Wembley woe for Spurs
Alonso double gives Chelsea first win of the season
|(Michy Batshuayi 82-og)||(Marcos Alonso 24, 88)|
Wembley, we have a problem.
Tottenham can't win there. They are strangers in their adopted homeland, handicapped by a foreign stadium.
Spurs utterly dominated possession, boasted a superior line-up and still lost 2-1 to Chelsea last night.
Tottenham should have snatched a point at least, and almost did, which is a paradox that must concern their manager.
Mauricio Pochettino may secretly echo Dorothy's sentiments in The Wizard of Oz.
There's no place like home.
As the crow flies, Wembley isn't particularly far from White Hart Lane, which is currently closed for renovation.
But Spurs are light years away from the swashbuckling showboaters from last season.
The first EPL fixture at London's grand venue threw up the champions and runners-up of the previous campaign and Chelsea once again left Tottenham singing the blues.
On paper, Spurs' line-up was easily the more experienced, with Antonio Conte handing full debuts to four new Blues.But Wembley hasn't been kind to their temporary squatters.
Last season, Tottenham lost three out of five matches at London's grand arena, including a 4-2 defeat by Chelsea in their FA Cup semi-final, and the nerves jangled as the unease permeated through the stands.
The vast, green expanse appears to overwhelm them.
The cacophonous din of a compact White Hart Lane has deserted them.
Pochettino will be eager to brush off such superstitious hogwash, but Spurs' dominance, particularly in the second half, was near absolute.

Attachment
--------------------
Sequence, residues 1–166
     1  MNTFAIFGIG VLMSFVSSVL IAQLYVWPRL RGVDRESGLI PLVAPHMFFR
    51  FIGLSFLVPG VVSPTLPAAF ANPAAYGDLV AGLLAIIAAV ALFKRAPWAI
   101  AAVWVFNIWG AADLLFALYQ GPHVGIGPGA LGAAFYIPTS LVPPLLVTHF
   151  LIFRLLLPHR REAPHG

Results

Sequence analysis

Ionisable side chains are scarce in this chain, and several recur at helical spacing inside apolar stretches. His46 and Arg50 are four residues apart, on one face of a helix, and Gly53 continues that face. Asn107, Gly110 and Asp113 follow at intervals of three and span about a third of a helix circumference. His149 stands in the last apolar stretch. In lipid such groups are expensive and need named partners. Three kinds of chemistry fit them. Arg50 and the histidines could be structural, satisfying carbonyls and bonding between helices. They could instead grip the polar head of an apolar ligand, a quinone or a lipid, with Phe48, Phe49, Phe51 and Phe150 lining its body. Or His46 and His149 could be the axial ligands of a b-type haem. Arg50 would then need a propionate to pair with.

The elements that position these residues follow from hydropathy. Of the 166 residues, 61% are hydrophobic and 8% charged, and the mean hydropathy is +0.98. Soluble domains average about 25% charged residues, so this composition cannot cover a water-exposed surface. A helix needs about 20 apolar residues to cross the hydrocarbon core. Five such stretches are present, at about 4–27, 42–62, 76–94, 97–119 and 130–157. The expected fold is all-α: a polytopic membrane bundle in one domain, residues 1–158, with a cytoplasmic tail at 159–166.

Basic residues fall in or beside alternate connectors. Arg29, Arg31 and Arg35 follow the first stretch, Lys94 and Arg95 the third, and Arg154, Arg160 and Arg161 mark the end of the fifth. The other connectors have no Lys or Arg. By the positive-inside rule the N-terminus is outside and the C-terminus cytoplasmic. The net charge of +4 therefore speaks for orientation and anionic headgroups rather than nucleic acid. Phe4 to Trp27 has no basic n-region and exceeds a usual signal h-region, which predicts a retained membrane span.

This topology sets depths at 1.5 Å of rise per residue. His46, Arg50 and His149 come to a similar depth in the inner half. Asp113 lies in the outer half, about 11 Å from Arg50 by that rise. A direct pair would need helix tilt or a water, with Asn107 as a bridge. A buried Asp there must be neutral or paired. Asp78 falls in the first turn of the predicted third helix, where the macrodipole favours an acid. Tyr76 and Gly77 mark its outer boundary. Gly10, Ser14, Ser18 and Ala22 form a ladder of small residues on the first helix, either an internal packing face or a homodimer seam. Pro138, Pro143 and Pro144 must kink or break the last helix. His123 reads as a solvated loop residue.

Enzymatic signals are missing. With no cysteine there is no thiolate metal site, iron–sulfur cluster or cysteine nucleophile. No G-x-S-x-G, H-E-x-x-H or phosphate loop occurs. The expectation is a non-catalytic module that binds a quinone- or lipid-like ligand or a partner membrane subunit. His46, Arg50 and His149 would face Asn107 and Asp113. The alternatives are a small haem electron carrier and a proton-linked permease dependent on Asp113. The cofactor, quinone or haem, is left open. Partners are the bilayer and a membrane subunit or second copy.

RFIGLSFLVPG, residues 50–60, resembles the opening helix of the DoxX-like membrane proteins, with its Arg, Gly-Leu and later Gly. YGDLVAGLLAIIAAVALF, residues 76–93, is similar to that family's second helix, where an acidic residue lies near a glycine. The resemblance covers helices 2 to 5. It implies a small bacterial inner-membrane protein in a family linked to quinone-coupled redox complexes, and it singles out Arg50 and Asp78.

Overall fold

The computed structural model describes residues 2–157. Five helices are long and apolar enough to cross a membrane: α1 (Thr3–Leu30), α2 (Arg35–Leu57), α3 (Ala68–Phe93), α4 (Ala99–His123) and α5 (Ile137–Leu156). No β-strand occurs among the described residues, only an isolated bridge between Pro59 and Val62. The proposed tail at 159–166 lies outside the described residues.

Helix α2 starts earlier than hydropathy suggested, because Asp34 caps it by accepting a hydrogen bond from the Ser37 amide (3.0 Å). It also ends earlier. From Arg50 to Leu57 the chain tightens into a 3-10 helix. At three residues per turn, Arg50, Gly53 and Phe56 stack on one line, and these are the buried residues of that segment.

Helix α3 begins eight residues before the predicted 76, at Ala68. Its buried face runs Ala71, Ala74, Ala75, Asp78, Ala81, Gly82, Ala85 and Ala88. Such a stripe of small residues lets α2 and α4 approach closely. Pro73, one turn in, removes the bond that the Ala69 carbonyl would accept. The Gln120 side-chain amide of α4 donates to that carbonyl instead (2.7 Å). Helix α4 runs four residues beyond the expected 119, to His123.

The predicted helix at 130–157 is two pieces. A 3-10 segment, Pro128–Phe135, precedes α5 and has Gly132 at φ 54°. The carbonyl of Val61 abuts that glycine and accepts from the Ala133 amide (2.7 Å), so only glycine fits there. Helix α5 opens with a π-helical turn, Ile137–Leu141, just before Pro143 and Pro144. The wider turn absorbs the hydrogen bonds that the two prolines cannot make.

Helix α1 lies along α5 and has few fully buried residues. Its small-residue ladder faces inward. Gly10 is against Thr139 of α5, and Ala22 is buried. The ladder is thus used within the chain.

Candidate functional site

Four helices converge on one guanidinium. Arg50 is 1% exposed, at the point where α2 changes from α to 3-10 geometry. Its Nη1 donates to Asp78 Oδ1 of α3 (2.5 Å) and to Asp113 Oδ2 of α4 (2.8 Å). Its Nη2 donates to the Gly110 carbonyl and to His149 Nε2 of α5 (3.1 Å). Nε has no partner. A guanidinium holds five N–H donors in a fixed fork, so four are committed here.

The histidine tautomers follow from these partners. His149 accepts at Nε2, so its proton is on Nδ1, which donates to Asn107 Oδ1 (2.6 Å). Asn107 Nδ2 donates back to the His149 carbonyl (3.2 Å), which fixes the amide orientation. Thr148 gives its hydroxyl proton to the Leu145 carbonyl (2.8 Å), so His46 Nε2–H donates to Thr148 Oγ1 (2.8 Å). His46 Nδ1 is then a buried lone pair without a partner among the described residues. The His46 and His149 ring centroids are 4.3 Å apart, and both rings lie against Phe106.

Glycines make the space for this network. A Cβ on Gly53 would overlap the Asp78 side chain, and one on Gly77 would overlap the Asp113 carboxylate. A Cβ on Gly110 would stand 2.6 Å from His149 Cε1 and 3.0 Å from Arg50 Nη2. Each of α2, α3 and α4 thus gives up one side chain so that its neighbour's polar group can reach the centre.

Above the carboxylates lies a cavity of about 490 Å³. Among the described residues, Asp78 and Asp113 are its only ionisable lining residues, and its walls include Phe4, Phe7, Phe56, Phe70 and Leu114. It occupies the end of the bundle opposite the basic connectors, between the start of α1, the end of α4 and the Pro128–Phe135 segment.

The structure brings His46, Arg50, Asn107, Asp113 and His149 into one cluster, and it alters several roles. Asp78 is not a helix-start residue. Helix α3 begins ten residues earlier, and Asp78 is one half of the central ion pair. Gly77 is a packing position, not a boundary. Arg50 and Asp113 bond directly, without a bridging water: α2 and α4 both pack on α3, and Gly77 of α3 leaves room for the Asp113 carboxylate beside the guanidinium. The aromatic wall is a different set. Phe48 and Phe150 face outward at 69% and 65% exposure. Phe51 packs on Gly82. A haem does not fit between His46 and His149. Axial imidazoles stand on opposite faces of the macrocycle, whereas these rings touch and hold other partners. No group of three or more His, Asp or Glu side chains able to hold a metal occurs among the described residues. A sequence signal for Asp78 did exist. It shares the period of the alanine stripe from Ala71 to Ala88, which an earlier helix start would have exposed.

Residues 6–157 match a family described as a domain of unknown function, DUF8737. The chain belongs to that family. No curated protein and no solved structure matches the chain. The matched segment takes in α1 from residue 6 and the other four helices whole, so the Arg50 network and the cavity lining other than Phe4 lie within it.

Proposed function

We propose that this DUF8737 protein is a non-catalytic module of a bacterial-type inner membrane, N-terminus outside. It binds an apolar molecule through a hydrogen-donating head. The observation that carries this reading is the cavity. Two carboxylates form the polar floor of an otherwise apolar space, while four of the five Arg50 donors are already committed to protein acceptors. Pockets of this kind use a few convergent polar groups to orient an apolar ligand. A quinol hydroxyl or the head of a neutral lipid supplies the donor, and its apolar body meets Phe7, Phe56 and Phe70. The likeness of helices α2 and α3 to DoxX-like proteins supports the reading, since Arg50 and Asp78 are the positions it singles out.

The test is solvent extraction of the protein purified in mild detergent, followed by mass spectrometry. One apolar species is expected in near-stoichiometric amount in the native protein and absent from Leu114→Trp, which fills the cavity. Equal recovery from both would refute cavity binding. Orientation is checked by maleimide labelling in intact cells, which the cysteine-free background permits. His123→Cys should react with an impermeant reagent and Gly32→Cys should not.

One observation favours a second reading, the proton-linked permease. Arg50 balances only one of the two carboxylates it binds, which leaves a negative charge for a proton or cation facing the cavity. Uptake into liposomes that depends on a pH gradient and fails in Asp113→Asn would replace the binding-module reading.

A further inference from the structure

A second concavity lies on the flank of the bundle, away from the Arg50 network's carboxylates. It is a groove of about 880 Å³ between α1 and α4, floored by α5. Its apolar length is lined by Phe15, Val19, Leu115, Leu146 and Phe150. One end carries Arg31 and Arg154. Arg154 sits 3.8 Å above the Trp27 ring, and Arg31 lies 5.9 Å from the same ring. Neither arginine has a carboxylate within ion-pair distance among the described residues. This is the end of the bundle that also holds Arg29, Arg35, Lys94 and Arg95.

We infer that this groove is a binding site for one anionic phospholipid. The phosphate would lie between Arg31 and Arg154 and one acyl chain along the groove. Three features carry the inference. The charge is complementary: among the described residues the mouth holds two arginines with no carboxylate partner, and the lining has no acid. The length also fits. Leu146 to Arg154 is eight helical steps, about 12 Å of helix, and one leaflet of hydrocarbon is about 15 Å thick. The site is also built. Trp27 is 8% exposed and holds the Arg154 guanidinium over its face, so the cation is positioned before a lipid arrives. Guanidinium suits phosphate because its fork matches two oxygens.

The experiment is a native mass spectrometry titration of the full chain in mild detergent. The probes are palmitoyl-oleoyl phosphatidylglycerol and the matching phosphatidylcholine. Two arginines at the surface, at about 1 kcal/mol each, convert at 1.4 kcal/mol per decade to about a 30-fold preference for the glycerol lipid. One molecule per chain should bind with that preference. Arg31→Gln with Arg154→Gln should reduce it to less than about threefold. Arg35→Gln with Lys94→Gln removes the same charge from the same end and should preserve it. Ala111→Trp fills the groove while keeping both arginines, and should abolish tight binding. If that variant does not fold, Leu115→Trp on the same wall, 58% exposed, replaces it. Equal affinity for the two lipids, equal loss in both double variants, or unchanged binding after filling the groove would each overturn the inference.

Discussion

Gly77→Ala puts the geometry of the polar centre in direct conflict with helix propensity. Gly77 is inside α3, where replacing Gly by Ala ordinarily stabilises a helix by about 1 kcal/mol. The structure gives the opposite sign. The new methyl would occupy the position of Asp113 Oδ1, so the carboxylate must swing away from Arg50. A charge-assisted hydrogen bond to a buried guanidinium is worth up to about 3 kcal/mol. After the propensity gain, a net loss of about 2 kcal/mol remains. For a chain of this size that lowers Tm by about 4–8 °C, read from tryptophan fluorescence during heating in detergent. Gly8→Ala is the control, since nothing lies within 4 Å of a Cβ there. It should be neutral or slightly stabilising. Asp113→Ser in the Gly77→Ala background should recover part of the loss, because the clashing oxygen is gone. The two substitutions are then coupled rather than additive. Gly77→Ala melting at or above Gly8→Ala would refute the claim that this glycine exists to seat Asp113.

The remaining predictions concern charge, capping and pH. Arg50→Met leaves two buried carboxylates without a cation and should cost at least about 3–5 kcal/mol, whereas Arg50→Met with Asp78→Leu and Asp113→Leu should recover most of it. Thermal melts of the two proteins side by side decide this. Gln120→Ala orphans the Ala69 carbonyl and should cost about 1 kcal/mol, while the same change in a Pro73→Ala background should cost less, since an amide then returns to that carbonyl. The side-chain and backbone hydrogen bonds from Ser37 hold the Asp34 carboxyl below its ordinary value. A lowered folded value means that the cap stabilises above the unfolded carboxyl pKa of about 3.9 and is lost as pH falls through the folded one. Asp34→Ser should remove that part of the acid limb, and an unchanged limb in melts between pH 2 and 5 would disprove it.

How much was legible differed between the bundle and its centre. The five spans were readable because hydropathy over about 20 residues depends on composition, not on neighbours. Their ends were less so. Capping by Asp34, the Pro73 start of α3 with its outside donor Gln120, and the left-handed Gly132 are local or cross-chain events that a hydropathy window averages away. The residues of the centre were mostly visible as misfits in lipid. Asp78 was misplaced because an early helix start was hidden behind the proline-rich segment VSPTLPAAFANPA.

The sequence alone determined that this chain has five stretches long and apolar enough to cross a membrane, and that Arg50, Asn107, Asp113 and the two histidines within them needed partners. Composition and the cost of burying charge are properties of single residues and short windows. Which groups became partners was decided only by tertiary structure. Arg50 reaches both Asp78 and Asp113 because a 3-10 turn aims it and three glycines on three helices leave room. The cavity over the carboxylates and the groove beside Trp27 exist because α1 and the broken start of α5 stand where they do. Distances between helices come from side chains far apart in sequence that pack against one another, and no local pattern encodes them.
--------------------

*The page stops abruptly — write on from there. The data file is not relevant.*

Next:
And yet, Conte had the last laugh. He sounded like an unhinged clown in his pre-match press conference, laughing maniacally whenever Diego Costa's name was mentioned.
But the joker pulled a tactical rabbit out of his hat in the guise of the floppy-haired David Luiz.
The Brazilian was plopped into central midfield, nestling in just ahead of N'Golo Kante and debutant Tiemoue Bakayoko.
Chelsea's formation resembled a strange 3-2-3-1-1, as if Conte had read too much Dan Brown and was going for an impenetrable code.
Certainly, Tottenham had trouble cracking the case.
Luiz's elevated position ensured that if he stumbled on one of his customary banana skins, Kante and Bakayoko were on hand to clear up.
More importantly, the partially-fit Bakayoko had enough bodies around him to take the odd breather.
As a result, Tottenham dominated possession, but frequently hit a wall of five across the halfway line.
Harry Kane had the odd glimpse of goal, but so did Alvaro Morata at the other. The unmarked Spaniard sent a header wide, from just five metres.
Fortunately, Morata's blunder was soon overshadowed by a goal of rare beauty.
In the 24th minute, Luiz, charging forward, was upended 25 metres out.
Marcos Alonso stepped up and swung his left boot.
Standing in the defensive wall, Tony Alderweireld stretched every nerve, sinew and sweaty tuft of hair to make contact, but the ball cleared the jumping centre back, dipped viciously and curled away from Hugo Loris and into the top right corner.
The hosts peppered Thibaut Courtois' goal after falling behind. But, when Kane lashed a low strike against the post in the 42nd minute, following outstanding work from Dele Alli, a sense of deja vu was palpable, until they were handed an unlikely lifeline.
Michy Batshuayi had been on the field for three minutes. The Chelsea substitute had no idea he was three minutes from hell.
In the 82nd minute, the hapless striker headed into his own net to Spurs' delight.
But there was a further twist of the knife, plunging deep into Tottenham hearts. With two minutes left to play, Alonso hit a low drive past a squirming Loris to score his second and confirm the curse of Wembley.
As far as Spurs are concerned, football is not coming home.